Tag Archives: books

The Roundup #59

Further ensuing madness. The American Electoral College has spoken, and a fair number of people are huddling under blankets in their closets. Palmyra was lost (again) to ISIS, and Aleppo is getting wiped off the face of the earth (some more), and well, yeah. On the upside, I’m on holiday now until the New Year. That helps, right?

This week’s roundup was a nice distraction. Enjoy!

From Archaeology.org:

Banquo’s Walk may be less poltergeist and more practical, as it appears that the site was a clay mine rather than the site of the perambulations of one of literature’s most famous ghosts.

Facial reconstruction has offered us a glimpse of the visage of a man who lived in Jericho nearly 10,000 years ago.

What was previously thought to be a minor village appears instead to be a major settlement in northern Greece.

Excavations are ongoing at Abydos in Egypt, specifically a boat burial likely associated with Senusret III.

The remains of a beautiful wood panel have been discovered in an ancient road on Honshu in Japan.

From the Smithsonian:

A rare first edition of Sir Isaac Newton’s Philosophiae Naturalis Principia Mathematica has sold for a record $3.7 million.

From The New York Times:

The restoration of the Ghent Altarpiece continues apace.

The Roundup #9

It’s been a hell of a week for editorial cartoonists in Canada. One day, these will be part of the archaeological work of some great doctoral student.

In the meantime, work is underway to explore the possibility that the Egyptian Queen Nefertiti, wife of Akenaten and possibly pharaoh in her own right, may have been buried in a series of rooms off the small burial space of King Tut himself. Archaeology.org and the BBC have reported on it, as well as, surprisingly enough, The Economist (this article includes details on the theory postulated by Nicholas Reeves). I expect there will be more articles with the famous bust of Nefertiti, on display at the Neues Museum in Berlin, as the lead photo in the days and weeks and months to come. One thing I’d like to know: why would the ancient Egyptians have wanted to hide her burial chambers?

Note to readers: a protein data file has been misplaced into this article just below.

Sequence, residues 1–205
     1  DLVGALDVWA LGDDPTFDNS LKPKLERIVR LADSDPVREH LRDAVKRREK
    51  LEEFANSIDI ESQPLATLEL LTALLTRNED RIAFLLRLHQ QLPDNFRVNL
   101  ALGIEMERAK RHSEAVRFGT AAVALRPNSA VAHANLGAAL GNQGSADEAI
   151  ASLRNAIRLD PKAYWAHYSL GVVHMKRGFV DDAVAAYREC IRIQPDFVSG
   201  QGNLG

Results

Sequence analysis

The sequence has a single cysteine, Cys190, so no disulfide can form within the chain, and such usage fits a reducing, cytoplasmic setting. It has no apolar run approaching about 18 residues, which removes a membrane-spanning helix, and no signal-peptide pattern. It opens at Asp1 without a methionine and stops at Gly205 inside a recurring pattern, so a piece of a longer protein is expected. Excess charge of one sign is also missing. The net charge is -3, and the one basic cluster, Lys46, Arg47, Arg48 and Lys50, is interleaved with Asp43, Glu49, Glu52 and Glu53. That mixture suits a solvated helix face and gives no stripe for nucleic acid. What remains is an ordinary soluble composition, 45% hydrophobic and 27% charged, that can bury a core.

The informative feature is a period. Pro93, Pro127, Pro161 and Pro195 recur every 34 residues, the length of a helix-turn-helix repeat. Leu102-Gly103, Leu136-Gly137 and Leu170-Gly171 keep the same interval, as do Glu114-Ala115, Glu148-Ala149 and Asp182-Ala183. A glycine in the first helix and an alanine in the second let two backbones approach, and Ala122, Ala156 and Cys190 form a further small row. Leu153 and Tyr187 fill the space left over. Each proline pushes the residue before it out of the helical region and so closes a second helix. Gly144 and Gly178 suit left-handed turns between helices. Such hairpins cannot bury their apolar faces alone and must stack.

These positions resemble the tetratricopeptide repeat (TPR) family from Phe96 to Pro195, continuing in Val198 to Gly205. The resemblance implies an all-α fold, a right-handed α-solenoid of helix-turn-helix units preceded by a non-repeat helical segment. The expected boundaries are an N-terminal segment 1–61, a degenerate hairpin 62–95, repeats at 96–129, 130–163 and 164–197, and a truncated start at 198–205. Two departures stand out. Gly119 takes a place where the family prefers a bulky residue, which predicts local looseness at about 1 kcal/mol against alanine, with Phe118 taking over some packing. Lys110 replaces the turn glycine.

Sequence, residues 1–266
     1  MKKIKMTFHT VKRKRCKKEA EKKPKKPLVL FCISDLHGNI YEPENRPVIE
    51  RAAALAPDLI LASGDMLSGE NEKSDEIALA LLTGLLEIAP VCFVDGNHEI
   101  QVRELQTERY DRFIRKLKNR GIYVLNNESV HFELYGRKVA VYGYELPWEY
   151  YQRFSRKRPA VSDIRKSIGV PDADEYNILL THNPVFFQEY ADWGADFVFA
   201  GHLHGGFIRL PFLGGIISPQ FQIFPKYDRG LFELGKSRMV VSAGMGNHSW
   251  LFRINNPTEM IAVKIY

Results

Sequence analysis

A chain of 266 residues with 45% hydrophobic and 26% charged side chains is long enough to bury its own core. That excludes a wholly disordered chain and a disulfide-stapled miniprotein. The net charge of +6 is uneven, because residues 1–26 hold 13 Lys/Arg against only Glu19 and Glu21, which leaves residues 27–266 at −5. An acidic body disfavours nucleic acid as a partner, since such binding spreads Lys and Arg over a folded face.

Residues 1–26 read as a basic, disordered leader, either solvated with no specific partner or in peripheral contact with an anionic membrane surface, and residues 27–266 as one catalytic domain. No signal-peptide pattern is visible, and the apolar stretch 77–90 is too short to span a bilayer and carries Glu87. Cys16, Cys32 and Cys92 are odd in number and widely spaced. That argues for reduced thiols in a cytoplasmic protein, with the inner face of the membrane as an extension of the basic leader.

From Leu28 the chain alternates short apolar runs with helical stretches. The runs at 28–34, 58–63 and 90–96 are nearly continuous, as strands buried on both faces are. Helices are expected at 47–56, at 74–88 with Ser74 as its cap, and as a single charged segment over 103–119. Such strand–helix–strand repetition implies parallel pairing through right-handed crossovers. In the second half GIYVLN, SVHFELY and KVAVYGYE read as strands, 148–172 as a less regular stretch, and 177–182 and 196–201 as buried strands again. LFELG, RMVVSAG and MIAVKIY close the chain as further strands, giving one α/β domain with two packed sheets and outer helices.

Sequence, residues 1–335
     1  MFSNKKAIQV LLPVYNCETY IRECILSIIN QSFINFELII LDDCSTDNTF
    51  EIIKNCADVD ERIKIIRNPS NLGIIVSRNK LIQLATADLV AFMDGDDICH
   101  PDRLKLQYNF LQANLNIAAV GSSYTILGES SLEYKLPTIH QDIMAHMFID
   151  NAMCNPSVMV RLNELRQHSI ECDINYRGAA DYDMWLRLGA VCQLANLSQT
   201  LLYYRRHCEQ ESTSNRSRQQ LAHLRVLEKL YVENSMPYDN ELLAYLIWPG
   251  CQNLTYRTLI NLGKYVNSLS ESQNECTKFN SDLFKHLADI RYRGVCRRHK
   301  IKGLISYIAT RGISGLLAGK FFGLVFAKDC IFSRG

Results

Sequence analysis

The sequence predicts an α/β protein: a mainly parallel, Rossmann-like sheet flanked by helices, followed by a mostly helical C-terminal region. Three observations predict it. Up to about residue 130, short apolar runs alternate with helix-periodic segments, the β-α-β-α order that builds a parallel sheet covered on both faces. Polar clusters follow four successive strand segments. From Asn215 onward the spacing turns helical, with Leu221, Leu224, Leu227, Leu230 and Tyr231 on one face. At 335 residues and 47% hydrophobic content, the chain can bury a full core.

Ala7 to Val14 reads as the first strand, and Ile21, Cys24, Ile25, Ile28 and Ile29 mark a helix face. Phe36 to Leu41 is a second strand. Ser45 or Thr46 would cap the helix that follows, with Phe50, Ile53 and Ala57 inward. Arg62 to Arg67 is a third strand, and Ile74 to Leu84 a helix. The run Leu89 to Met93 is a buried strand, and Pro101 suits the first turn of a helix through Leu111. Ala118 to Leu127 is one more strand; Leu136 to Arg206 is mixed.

However, the highlight of the week for me personally was this article on the 6th century BCE sanctuary discovered on the Palatine in Rome. I’ve wandered past dig sites there that were cordoned off from public dalliance, and imagined the wonders beneath the hill ever since the first images were broadcast during initial tests of an area now called the Lupercal.

And with that, here’s this week’s roundup.

From the Beeb:

Archaeologists and scholars are working to decipher a series of inscriptions from a mikveh in Israel. I’m not sure if this is the same ritual bath that was discovered by accident during home renovations, but I’ll be interested to see what ultimately comes of this.

From the Smithsonian:

A feature discusses the viability of tomb raiding in China (and, by extension, elsewhere).

Evidence shows that teenage girls have been language disruptors since at least Shakespeare’s day. Like, totes!

And the oldest existing colour illustrated printed book – a 1633 volume of a Manual on Calligraphy and Painting – has been digitized to both protect the original and to allow for further study. Check out what else was recently digitized using this remarkable new technique!

From Archaeology.org:

Work continues at a site in Denmark believed to be a Neolithic sun temple complex.

In the first of three shipwreck stories, a gun carriage from The London has been brought to the surface. This ship carried Charles II from the Netherlands in 1660 to restore the monarchy in England, and then exploded five years later when the explosives it was carrying ignited.

The bell from the HMS Hoodthe British flagship destroyer that was sunk by the Bismarck in the Denmark Strait in 1941 with the loss of all but three of over 1,400 lives, has been raised and will become part of a memorial at the National Museum of the Royal Navy.

And finally, the mystery of one of the cargo ships of the 19th century Baron de Rothschild may have been solved with the discovery of a ship of similar description off the coast of Israel.

Restoration work is underway to maintain the breathtaking Domus Aurea of Nero in Rome.

And a plague pit from the 17th century has been discovered during construction of the new high-speed Crossrail in England near Liverpool Street Station. To demonstrate the extreme nature of the epidemic that affected England at this time, The Guardian has created an interactive map of the plague victims uncovered during this construction project.